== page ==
I will never understand why people complain that New Yorkers are rude. New Yorkers? They’re determined, assertive, and they know how to turn their shoulders to shimmy through a crowd of people on the sidewalk. But rude? No way. Some of the kindest strangers I have ever met live in New York City.
You want proof? How about this story. When I was in New York last week, I lugged a giant blue suitcase around with me nearly every day. Friends in several different neighborhoods, boroughs, and even states wanted me to stay with them each night. Eager to spend time in the sunlight of their smiles, I happily agreed. However, that meant hefting a suitcase full of clothes, presents, and my laptop up and down several flights of grimy subway stairs every time I moved to that night’s apartment. After a week of this, I have biceps of steel.
Silly me. I actually thought I could stow my suitcase in a luggage locker, somewhere in Manhattan, during the day, then stride down the streets freely while it waited for me. My friend Carlos had told me to make my way to Penn Station, after landing, because “…they have a place where you can put it.” This resonated with me, because I remembered Holden Caulfield renting a locker at Grand Central Station in The Catcher in the Rye. Of course, it might have helped if I had remembered that the book was written in 1946. Every employee at Penn Station whom I asked about luggage lockers looked at me with disbelieving eyes, shaking their heads. What was I, some hick who had just stepped off a plane? Well, yes, apparently. Finally, I approached a muscle-bound policeman, who had a bald head and long stare. Once again, I asked if there was any place in Manhattan where I could store my luggage for the day. He looked at me with pity, then said, in his thick Brooklyn accent, “Ma’am, there ain’t been no luggage locker in New York for years.” Hallelujah, I was home. New York is the only place where people call you ma’am while telling you that you’re an idiot.
(Oh, and if you’re looking for a place to rest your suitcase, you can do what I did: buy a ticket to the Natural History Museum on Central Park West, take a cursory look at the dinosaur skeletons, then stow your luggage at coat check all day.)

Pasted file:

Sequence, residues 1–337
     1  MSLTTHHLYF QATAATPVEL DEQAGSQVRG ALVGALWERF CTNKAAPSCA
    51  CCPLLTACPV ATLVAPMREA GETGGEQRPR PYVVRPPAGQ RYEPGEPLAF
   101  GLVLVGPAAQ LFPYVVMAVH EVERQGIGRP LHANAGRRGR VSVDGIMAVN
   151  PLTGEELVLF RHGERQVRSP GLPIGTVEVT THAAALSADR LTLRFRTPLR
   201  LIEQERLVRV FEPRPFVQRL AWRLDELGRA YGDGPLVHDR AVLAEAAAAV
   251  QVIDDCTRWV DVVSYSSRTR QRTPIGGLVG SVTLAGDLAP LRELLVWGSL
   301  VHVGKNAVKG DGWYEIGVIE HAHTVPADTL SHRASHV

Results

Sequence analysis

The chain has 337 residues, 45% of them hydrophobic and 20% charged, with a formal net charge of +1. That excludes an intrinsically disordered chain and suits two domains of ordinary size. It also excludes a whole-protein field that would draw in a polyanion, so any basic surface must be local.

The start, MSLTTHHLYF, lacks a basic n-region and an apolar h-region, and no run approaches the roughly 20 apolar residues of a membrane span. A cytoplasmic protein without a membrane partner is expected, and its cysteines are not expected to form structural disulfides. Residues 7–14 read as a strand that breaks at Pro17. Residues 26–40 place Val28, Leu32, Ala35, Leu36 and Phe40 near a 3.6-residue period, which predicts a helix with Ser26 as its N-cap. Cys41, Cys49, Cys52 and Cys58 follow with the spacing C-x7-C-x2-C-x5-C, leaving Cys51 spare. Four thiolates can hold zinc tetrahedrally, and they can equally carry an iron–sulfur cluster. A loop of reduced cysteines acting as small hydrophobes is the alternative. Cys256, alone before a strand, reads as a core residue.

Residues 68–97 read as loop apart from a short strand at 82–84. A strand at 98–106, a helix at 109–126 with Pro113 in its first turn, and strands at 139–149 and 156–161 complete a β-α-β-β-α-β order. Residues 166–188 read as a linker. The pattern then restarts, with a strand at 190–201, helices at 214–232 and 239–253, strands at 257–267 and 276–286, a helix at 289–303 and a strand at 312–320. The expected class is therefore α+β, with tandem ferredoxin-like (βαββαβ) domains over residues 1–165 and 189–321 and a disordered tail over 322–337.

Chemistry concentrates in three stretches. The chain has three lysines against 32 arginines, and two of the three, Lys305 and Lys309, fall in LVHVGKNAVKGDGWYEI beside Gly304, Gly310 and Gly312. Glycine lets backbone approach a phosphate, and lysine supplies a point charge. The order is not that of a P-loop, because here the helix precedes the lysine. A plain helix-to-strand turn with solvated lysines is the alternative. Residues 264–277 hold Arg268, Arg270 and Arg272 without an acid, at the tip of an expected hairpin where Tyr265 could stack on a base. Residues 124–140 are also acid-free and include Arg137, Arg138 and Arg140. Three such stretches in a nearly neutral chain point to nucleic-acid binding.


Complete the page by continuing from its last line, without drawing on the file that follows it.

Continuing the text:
So there I was on Wednesday, day four of the great luggage lugging. I had begun the morning with a friend in Harlem, then had made my way downtown on the 1 train, emerging out of the 103rd Street station to look at my old neighborhood, just to make sure it was still there. (Rumors of condominiums to the contrary, my old brick building still stands.) There, I had popped into the Silver Moon bakery, an impeccable little bakery, filled with light, on 105th Street, which opened the last year I lived in New York. I had eaten more of their baguettes than I can bear to think of now. Of course, I never thought I would be going back there, now that I knew I had celiac. But my friend Kari had told me that morning that Silver Moon now makes a gluten-free loaf. Granted, the cross-contamination issues are probably rife, and I was taking my chances by grabbing one of the little loaves with currants. Nostalgia overtook me, and I took the chance to sit in the sunny bakery with a cafe au lait, looking out at the cold sunshine flooding my old neighborhood. The almond macaroons were so enticing that I actually forgot to take a photograph of the first one before I shattered half of it with my teeth. (Here’s a whole one, if you want to see it.) No matter. They were all delicious. And I didn’t get sick. Buoyed, I walked with my suitcase behind me to 65th and Amsterdam, where I met a friend for Ethiopian food. Later, the suitcase struggled up the stairs of the 66th crosstown bus with me, then down the stairs of the 6 train to meet another friend for coffee on 52 and 3rd. My friend Cindy is a sheer delight, so the diversions were worth the pushing and pulling. Still, after an hour, I was due at City Bakery in far too little time, and I had yet another subway to brave.
I was a little tired of my suitcase, at this point.
Walking into the subway station at 51st and Lexington, I couldn’t believe my luck — an escalator. Resting my weary arms along the moving railings, I started to think pleasant thoughts and let myself be carried along. Then, I felt the telltale signs: a whoosh of warm air blowing back the hair around my eyes, a rhythmic roaring sound, then a clutch of people descending the stairs. A train had just come into the station, and I needed to be on it. Frantic, I started to run up the escalator, bumping my suitcase on every step. Suddenly, everything felt wonderfully light. I looked back to see that the man behind me had lifted the other end of my suitcase. Together, we started running up the escalator, trying to make the train. We picked up speed, my suitcase between us, as we neared the top, and then, as one unit, we darted in the doors of the train just before they closed. I looked back at him and said thank you, grateful and still in shock. He waved his hand, grinned at the ground, then moved to another car. I never saw him again.
That’s New York for me.
And the story feels like a metaphor for my trip as well. I went there dragging, and I came home unexpectedly lighter, buoyed up and hopeful. After weeks of feeling cramped and overworked, I remember who I am and where I am. Just in time.
It was a wonderful week, so full of laughter with friends, encounters on the street, and great meals that I didn’t have a single chance to update this site. Oh well. Here I am now, full of funny, wondrous stories.